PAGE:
........Paradise, and groves 

            Elysian, Fortunate Fields -- like those of old

                Sought in the Atlantic Main -- why should they be 

            A history only of departed things, 

            Or a mere fiction of what never was?


The poet revolutionarily suggested that the old values of epic need not be sought in an epical domain, no longer available in any case; rather, he continued,

             ....the discerning intellect of Man,

            When wedded to this goodly universe

              In love and holy passion, shall find these

            A simple produce of the common day.

As I have said, it would be hard to imagine a more commonplace composition than “The Sidewalks of New York.”  And yet notice how Adderley and Jackson, by dint of brain and heart (intellect and holy passion), move within its frankly banal chord structure without ever losing touch with that structure and its guiding melody.  Their improvisations are a wonder and a delight in and of themselves, but the epical dimension, to borrow Wordsworth’s term somewhat inexactly, consists in what we could more exactly label flights of the imagination. 

Not so long ago in western history, to return to the issue of music and its influence, cultured intellects assumed that dimension accessible only by way of more formally composed music.  For the most part, such an assumption preceded the arrival of the Black Classical approach.  There are even now, needless to say, those who find such an entrée the only legitimate one. (I suspect, for example, that my brilliant high school music teacher, the late Al Conkey, may be doing snap rolls in his grave to hear me talk as I do in this reverie.) I don’t want to fight with these partisans, that scarcely being the purpose of my attentions here.  I began anyhow by expressing my distaste for banal dialectic, and I don’t in any event come to these thoughts as champion of jazz over other kinds of composition– except in my own praxis.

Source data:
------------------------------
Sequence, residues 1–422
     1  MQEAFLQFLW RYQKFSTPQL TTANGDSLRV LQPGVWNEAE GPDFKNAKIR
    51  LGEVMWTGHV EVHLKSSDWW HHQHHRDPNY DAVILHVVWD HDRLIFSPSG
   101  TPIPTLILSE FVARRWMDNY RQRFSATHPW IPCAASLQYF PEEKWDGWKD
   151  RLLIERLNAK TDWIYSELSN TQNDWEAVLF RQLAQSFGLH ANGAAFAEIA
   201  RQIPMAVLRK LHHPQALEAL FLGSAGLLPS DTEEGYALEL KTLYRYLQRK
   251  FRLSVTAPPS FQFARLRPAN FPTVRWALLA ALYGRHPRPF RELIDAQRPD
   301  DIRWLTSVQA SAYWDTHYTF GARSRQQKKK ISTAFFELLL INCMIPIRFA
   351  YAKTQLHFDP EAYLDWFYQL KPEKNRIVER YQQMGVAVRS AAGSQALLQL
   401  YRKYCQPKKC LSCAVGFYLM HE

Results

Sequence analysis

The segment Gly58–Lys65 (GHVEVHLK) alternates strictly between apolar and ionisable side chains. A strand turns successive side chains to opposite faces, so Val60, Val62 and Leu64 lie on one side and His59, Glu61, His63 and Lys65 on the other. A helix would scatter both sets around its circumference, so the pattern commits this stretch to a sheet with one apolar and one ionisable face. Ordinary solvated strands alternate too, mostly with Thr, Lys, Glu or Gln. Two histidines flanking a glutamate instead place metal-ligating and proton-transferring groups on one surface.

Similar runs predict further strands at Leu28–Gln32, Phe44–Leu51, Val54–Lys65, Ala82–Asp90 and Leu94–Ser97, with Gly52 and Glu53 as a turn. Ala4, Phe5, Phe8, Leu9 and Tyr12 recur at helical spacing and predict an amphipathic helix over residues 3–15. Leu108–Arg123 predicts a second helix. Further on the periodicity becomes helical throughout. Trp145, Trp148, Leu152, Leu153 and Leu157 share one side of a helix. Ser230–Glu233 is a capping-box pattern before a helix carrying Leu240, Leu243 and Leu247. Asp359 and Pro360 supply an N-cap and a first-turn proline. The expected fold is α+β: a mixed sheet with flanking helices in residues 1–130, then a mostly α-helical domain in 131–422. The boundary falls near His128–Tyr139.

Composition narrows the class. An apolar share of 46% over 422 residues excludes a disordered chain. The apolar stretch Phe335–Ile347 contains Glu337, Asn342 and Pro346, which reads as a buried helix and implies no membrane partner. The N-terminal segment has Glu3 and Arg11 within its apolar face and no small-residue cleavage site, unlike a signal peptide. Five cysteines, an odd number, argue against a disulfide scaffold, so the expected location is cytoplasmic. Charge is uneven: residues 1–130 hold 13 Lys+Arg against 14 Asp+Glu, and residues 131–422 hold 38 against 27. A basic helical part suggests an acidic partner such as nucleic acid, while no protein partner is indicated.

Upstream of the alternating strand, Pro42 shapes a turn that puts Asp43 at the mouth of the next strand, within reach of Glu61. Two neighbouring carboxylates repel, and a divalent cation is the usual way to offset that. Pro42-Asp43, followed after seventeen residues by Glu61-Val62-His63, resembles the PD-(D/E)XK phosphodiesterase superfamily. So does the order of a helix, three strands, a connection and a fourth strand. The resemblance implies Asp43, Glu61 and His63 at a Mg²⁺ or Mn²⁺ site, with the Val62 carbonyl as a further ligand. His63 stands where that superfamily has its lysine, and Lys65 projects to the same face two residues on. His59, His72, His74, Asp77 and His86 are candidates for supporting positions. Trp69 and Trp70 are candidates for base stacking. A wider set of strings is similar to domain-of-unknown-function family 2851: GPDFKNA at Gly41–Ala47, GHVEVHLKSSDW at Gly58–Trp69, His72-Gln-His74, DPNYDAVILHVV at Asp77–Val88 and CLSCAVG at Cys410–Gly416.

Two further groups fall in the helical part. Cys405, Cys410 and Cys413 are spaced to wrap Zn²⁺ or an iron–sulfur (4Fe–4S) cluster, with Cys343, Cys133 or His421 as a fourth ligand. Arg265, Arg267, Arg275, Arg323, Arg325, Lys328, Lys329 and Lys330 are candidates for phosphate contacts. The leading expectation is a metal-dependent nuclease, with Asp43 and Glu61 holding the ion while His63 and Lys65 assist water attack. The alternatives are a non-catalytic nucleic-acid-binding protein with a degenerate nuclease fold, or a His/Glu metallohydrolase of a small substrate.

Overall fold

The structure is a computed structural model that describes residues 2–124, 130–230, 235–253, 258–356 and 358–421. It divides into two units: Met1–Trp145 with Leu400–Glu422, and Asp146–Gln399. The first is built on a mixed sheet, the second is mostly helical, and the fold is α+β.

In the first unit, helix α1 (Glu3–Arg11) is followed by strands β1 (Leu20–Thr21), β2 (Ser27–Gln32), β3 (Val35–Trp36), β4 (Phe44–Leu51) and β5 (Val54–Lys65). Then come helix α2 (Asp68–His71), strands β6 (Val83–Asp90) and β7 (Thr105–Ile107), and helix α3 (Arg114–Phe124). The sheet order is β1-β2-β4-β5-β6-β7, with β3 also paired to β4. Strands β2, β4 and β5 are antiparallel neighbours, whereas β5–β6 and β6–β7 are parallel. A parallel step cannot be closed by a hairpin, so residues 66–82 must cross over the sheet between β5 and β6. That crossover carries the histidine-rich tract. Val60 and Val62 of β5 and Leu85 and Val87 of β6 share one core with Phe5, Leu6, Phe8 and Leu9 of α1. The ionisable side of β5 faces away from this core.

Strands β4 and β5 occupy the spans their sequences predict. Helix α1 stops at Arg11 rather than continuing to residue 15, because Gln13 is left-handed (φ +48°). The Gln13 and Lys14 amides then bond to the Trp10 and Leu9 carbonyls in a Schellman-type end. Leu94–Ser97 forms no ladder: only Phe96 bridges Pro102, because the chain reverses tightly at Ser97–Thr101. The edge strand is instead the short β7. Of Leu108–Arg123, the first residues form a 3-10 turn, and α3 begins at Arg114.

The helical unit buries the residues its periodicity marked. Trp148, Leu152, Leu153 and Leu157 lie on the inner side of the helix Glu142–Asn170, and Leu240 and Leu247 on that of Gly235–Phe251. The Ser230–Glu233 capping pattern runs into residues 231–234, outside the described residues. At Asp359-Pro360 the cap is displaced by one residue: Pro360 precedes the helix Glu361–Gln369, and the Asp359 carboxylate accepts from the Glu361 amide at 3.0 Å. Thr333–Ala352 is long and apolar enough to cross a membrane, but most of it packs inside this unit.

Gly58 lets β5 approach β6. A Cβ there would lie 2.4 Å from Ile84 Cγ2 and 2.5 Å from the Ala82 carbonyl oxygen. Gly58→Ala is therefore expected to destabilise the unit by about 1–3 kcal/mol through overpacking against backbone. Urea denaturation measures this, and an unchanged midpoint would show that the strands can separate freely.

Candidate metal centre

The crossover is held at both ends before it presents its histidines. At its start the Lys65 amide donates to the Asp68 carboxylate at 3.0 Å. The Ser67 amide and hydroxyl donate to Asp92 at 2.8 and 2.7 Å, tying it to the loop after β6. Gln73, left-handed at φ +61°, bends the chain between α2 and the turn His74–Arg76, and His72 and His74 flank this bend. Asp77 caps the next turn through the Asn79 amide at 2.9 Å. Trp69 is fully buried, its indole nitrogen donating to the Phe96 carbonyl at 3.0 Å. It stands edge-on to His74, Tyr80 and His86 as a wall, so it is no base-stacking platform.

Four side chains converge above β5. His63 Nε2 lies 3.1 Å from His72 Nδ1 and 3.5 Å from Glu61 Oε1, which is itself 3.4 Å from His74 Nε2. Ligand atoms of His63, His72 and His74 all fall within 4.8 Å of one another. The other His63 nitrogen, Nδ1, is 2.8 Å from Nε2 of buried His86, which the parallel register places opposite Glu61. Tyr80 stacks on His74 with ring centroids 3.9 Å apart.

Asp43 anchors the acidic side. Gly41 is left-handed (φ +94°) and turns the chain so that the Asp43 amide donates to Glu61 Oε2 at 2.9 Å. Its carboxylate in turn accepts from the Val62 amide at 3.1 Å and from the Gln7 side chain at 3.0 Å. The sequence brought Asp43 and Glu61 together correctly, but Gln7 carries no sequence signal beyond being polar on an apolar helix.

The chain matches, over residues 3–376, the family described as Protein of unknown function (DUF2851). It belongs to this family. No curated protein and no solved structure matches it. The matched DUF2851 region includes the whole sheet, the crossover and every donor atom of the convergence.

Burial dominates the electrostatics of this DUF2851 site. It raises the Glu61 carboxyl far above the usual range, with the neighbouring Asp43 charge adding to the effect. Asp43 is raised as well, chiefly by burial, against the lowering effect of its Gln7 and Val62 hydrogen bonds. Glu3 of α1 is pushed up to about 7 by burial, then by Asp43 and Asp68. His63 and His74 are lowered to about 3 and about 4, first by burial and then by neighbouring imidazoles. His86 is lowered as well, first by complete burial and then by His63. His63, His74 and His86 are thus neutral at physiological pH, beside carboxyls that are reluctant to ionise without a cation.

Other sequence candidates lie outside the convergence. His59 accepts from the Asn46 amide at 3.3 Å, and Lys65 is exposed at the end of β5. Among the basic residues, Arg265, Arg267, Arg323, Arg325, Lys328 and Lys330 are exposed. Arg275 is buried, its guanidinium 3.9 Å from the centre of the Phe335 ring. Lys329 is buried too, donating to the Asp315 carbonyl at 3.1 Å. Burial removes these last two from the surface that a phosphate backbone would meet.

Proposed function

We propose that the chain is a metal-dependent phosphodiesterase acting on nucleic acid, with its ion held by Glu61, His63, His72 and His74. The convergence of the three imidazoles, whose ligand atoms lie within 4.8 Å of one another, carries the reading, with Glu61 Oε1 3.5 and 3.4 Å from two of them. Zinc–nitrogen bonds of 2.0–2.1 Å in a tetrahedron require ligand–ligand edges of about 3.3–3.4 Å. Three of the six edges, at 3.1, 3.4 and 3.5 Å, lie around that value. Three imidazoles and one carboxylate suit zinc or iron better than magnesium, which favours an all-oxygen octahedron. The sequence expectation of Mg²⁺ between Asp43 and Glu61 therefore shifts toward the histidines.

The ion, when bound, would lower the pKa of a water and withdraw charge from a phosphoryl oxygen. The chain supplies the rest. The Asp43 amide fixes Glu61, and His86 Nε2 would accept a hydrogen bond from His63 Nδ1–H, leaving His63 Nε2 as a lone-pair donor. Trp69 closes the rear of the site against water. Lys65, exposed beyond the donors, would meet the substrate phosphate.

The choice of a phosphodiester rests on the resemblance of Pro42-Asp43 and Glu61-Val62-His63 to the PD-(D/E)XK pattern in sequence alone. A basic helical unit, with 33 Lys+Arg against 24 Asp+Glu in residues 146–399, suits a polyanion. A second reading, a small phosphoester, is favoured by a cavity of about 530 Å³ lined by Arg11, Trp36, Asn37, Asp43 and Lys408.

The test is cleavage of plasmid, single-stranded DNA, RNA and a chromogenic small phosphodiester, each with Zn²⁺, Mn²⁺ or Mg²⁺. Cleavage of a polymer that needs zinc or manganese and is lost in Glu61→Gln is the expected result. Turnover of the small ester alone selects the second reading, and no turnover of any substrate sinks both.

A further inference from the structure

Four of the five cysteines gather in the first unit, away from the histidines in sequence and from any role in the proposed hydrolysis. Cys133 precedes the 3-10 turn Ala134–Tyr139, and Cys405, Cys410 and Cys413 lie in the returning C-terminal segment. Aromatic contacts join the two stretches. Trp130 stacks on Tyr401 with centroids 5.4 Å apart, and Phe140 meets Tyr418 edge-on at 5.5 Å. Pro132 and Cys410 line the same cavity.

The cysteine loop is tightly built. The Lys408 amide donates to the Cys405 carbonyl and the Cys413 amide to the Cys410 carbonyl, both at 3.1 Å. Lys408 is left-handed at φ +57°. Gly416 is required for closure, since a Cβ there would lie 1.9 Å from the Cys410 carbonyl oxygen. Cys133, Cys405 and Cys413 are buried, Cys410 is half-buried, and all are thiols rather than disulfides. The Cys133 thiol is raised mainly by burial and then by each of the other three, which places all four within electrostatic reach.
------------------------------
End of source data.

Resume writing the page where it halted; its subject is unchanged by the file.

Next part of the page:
The feel of improvisation (rare though scarcely unheard of in highbrow music) is what juices up my forms.  Or so I hope.  That approach may not work for other poets.  But whoever they are, the imaginative flight is what we are all after; these are simply the materials and attitudes that help me get airborne to the small extent I sometimes do.

Yes, as Wallace Stevens, another idol, iterated and repeatedly demonstrated, Imagination is what the poem is all about.  The way the great Black Classical composers and musicians manage such a matter is something that has always seemed to me worth trying, and even failing, to emulate in print.

Thursday, December 20, 2012

Hard as it is for me to imagine myself a "treasure," I am greatly pleased by the following Booklist review of my forthcoming (January) book of personal essays, A North Country Life: Tales of Woodsmen, Waters and Wildlife: